After you are secure in maintaining awareness of the breath, you can place attention anywhere you like.
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Re: To Follow the Breath or Not?

Postby Yana » Mon Nov 05, 2012 4:53 am

hi ,

I have tried both techniques to follow the breath or to fix to a certain point.This is what i have found:

1.When i follow the in and out of the breath. I get a calm sensation,like warm sensation like i am absorbing something BUT..when i get up my mind is cloudy.and my body temperature rises to the point where i am really burning and regardless of how cold it is have to take a cold shower.

2.When i focus on a fixed point.i am also calm BUT i don't get a warm sensation like the one above.My temperature doesn't rise.I feel cool actually. AND my mind brightens up.It is a lot clearer and focused.Like refreshed.

So my conclusion is:

1. Following the in and out of breath calms the mind,maybe if your stuck somewhere in the cold and don't have anything to keep you warm it might help :tongue: ,it give you a sense of bliss or pleasant sensation.It calms you down so i use it when i am anxious or about to get mad.

2.Focusing on a fixed point sharpens your concentration.It's not that it doesn't give me a blissful sensation i don't really get any sensation,i'm kind of life empty and just focused.Which even though isn't blissful it is very serene and peaceful.

So logically i think i should start with #1 then after a few minutes before i burn up change it to #2.

What do you think?

:anjali:
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Re: To Follow the Breath or Not?

Postby Reductor » Mon Nov 05, 2012 5:07 am

I think you try that for some time and see if your satisfied with it.

In my own practice I've found different approaches worked, but for various reasons I'd come to be dissatisfied with them after a time. Now I have settled on a simple scheme which works and doesn't seem to have any drawbacks for me. I imagine you will too, if you're attentive.

Also, that's very interesting about the heat thing.
Michael

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To his own ruin the fool gains knowledge, for it cleaves his head and destroys his innate goodness. -- Dhp 72

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Re: To Follow the Breath or Not?

Postby mikenz66 » Mon Nov 05, 2012 5:36 am

Hi Yana,

I think it's great that you can discern such differences. As Reductor says, if you are working out what to do for yourself, you have to just try it and see (since such details are not in the suttas).

If you were following a particular teacher, in person, or via books/internet/etc, I'd try out what they recommend for a while (weeks), and see if what they say is useful for you. That calm and brightness is the sort of thing that Ajahn Brahm or Pa Auk Sayadaw discuss in their meditation instructions. Pa Auk recommends starting with the breath at the nose tip. Ajahn Brahm a general awareness, but they lead to the same place, an eventual focus on a mental conception of the breath.

Ajahn Brahm wrote:The fifth stage is called full sustained attention on the beautiful breath. Often this stage flows naturally and seamlessly from the previous stage. As briefly
discussed in the previous chapter, when one’s full attention rests easily and
continuously on the experience of breathing with nothing interrupting
the even flow of awareness, the breath calms down. It changes from a
coarse, ordinary breath to a very smooth and peaceful “beautiful breath.”
The mind recognizes this beautiful breath and delights in it. It experi-
ences a deepening of contentment. It is happy just to be watching this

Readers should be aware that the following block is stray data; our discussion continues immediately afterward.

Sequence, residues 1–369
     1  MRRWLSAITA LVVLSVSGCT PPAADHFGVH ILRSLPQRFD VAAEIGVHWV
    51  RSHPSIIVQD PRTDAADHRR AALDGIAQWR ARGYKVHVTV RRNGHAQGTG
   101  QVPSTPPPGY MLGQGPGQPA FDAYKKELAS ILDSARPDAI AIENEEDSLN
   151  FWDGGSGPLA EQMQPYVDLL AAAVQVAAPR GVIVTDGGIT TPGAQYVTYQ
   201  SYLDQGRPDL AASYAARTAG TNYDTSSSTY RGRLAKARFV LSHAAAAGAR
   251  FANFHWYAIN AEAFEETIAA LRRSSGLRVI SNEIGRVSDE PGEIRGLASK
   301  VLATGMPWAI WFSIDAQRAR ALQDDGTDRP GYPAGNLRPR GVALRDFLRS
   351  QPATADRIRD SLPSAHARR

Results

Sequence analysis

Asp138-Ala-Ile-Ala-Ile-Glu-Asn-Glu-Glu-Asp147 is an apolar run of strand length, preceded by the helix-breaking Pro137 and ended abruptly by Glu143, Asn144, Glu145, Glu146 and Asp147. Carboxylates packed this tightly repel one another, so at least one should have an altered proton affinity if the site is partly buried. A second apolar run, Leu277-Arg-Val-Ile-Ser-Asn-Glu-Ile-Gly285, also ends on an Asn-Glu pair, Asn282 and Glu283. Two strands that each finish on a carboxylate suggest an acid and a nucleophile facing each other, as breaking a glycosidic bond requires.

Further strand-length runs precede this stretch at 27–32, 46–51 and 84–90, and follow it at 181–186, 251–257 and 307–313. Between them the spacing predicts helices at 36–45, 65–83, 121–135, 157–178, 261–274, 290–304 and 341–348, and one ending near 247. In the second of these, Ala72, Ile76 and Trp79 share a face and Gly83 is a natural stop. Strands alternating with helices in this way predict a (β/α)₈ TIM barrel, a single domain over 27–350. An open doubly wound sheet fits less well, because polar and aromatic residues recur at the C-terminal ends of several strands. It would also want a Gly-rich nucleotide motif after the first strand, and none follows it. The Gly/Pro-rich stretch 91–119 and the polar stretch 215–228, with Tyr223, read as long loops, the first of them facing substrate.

beautiful breath, and it does not need to be forced.
...
This sixth stage is achieved when one lets go of the body, thought, and
the five senses (including the awareness of the breath) so completely that
only a beautiful mental sign, a nimitta, remains.
...

Mindfulness, Bliss, and Beyond, pages 19 and 21
http://ebookbrowse.com/ajahn-brahm-mind ... -d84597124

Pa Auk Sayadaw wrote:To begin meditating, sit in a comfortable position and
try to be aware of the breath as it enters and leaves the
body through the nostrils. You should be able to feel
it either just below the nose or somewhere around the
nostrils. Do not follow the breath into the body or out
of the body, because then you will not be able to perfect
your concentration. Just be aware of the breath at the
most obvious place it brushes against or touches, either
the top of the upper lip or around the nostrils. Then you
will be able to develop and perfect your concentration.
...
The concept of the breath is the object of mindfulness-of-breathing.
It is this object you must concentrate on to develop concentration.
...
Just before the nimitta appears, a lot of meditators
encounter difficulties. Mostly they find that the breath
becomes very subtle, and not clear; they may think the
breath has stopped. If this happens, you should keep
your awareness where you last noticed the breath, and
wait for it there.
...

Knowing and Seeing, Page 21...
http://www.buddhanet.net/pdf_file/know-see.pdf

These books may be helpful (or they may make little sense, it depends on your experiences and tendencies...). Other teachers have different interpretations of anapanasati. There is plenty of room for creativity in technique...

:anjali:
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Re: To Follow the Breath or Not?

Postby LonesomeYogurt » Mon Nov 05, 2012 5:41 am

Yana wrote:hi ,

I have tried both techniques to follow the breath or to fix to a certain point.This is what i have found:

1.When i follow the in and out of the breath. I get a calm sensation,like warm sensation like i am absorbing something BUT..when i get up my mind is cloudy.and my body temperature rises to the point where i am really burning and regardless of how cold it is have to take a cold shower.

2.When i focus on a fixed point.i am also calm BUT i don't get a warm sensation like the one above.My temperature doesn't rise.I feel cool actually. AND my mind brightens up.It is a lot clearer and focused.Like refreshed.

So my conclusion is:

1. Following the in and out of breath calms the mind,maybe if your stuck somewhere in the cold and don't have anything to keep you warm it might help :tongue: ,it give you a sense of bliss or pleasant sensation.It calms you down so i use it when i am anxious or about to get mad.

2.Focusing on a fixed point sharpens your concentration.It's not that it doesn't give me a blissful sensation i don't really get any sensation,i'm kind of life empty and just focused.Which even though isn't blissful it is very serene and peaceful.